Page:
Article Text

Download PDFPDF
Study of dog control strategies
  1. Natasha Duncan-Sutherland1,
  2. Mareta Hunt2,
  3. Moses Alatini2,
  4. Michael Shepherd3,4,
  5. Bridget Kool5
  1. 1Adult Emergency Department, Auckland City Hospital, Auckland, New Zealand
  2. 2Safekids Aotearoa, Starship Foundation, Auckland, New Zealand
  3. 3Children's Emergency Department, Starship Foundation, Auckland, New Zealand
  4. 4Department of Paediatrics: Child Youth and Health, Faculty of Medical and Health Sciences, The University of Auckland, Auckland, New Zealand
  5. 5Section of Epidemiology and Biostatistics, The University of Auckland, Auckland, New Zealand
  1. Correspondence to Dr Natasha Duncan-Sutherland, Adult Emergency Department, Auckland City Hospital, Auckland 1640, New Zealand; quavernote{at}hotmail.com

Abstract

Objectives (1) To explore the relationship between regionally implemented dog control strategies and dog bite injuries (DBIs) and (2) to evaluate current implementation of dog control strategies.

Methods Observational study using a nationwide online survey of territorial authorities (TAs). Domains of interest included complaints for attacks on people, dog population, primary and secondary prevention strategies, resourcing and perspectives of current strategies. Quantitative variables were compared with DBI Accident Compensation Corporation (ACC) claims by region from 2014 to 2018.

Results Two-thirds of TAs (70%; n=47/67) responded to the survey. No clear relationship was observed between DBIs and: registered dog population, proportion sterilisations or microchipping, classifications due to dog behaviour, or existing limited resourcing. Legislated breeds and infringements for failure to control a dog or non-registration were higher in areas with greater DBIs. Educational messages varied widely and were predominantly victim directed (67%; n=71/106). Complaints for dog attacks on people were lower than DBIs in most areas, with no formal cross-agency notification policies. Few prosecutions or dog destruction orders were made.

Conclusions Regional inequity in DBIs could not be explained by differences in the registered dog population or dog control strategies. Minimal and inequitable resourcing exists to implement current dog control strategies and provide owner-directed education. Gaps in legislation include environmental barrier requirements for all dogs (leash/muzzle use, adequate fencing), notification of incidents and child protection. Partnership with the Indigenous community (Māori) and other community groups will be required to implement these measures successfully.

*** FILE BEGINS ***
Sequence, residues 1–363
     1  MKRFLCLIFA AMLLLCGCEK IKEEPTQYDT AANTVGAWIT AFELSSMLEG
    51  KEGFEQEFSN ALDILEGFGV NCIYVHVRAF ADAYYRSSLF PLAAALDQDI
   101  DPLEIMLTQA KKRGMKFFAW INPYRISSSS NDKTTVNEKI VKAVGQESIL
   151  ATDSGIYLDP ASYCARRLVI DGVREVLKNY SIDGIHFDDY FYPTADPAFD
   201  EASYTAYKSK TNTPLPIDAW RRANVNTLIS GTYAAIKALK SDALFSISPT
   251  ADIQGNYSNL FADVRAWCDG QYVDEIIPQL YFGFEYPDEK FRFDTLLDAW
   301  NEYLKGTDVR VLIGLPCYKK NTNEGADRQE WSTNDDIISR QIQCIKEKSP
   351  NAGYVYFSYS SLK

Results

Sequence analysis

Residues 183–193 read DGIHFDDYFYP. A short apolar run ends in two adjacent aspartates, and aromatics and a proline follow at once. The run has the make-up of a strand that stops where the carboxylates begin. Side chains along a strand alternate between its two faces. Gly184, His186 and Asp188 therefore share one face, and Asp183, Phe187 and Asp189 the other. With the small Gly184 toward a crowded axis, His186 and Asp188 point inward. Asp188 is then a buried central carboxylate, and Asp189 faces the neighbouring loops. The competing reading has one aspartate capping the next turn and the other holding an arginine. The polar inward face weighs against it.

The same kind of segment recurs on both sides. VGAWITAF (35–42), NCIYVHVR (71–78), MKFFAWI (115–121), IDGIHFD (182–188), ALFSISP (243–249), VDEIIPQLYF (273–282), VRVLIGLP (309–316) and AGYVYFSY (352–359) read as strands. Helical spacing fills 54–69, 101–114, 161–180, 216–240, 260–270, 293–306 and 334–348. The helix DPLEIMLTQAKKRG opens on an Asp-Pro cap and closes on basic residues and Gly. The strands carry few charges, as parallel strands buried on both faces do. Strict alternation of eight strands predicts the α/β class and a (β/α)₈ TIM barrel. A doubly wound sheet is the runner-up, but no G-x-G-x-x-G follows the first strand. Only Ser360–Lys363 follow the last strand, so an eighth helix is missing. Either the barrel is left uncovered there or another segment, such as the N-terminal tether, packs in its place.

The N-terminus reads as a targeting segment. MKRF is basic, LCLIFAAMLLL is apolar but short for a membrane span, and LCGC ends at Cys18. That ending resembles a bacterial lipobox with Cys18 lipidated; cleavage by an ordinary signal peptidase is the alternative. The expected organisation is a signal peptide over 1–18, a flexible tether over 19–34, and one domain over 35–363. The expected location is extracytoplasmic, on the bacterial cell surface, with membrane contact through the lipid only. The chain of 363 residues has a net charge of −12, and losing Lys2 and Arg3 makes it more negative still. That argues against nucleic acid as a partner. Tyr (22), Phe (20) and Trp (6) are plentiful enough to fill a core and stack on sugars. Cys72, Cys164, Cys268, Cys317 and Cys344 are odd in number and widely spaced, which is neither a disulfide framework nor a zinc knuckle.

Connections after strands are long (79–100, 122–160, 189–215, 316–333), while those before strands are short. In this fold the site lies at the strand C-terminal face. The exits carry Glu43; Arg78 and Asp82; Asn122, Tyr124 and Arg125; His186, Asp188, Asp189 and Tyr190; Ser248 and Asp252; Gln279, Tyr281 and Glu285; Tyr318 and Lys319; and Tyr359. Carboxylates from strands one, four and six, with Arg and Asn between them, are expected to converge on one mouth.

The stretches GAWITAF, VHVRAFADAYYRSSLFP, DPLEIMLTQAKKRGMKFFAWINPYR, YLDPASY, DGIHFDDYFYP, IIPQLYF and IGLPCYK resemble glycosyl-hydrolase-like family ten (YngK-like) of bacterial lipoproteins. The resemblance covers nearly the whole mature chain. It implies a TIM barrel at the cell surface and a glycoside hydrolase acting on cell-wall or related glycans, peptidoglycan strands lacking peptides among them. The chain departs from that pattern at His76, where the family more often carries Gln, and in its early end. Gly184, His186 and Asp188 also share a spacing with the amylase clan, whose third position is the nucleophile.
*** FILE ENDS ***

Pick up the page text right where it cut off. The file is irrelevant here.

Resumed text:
• Legislation
  • Public Health
  • Animal bites
  • Child Survival
  • Attitudes

Data availability statement

All data relevant to the study are included in the article or uploaded as supplementary information.

Statistics from Altmetric.com

Request Permissions

If you wish to reuse any or all of this article please use the link below which will take you to the Copyright Clearance Center’s RightsLink service. You will be able to get a quick price and instant permission to reuse the content in many different ways.

Data availability statement

All data relevant to the study are included in the article or uploaded as supplementary information.

View Full Text

Footnotes

  • Twitter @NatashaDuncanS1

  • Contributors Study design by all authors. Data collection, data analysis and write-up by ND-S and MH. Reviews, feedback and group discussion by all authors. NDS is responsible for the overall content as guarantor.

  • Funding Starship Foundation Clinical Research Award. Research Registration Number: SF2137: A+9001.

  • Competing interests None declared.

  • Patient and public involvement Patients and/or the public were involved in the design, or conduct, or reporting, or dissemination plans of this research. Refer to the Methods section for further details.

  • Provenance and peer review Not commissioned; externally peer reviewed.

  • Supplemental material This content has been supplied by the author(s). It has not been vetted by BMJ Publishing Group Limited (BMJ) and may not have been peer-reviewed. Any opinions or recommendations discussed are solely those of the author(s) and are not endorsed by BMJ. BMJ disclaims all liability and responsibility arising from any reliance placed on the content. Where the content includes any translated material, BMJ does not warrant the accuracy and reliability of the translations (including but not limited to local regulations, clinical guidelines, terminology, drug names and drug dosages), and is not responsible for any error and/or omissions arising from translation and adaptation or otherwise.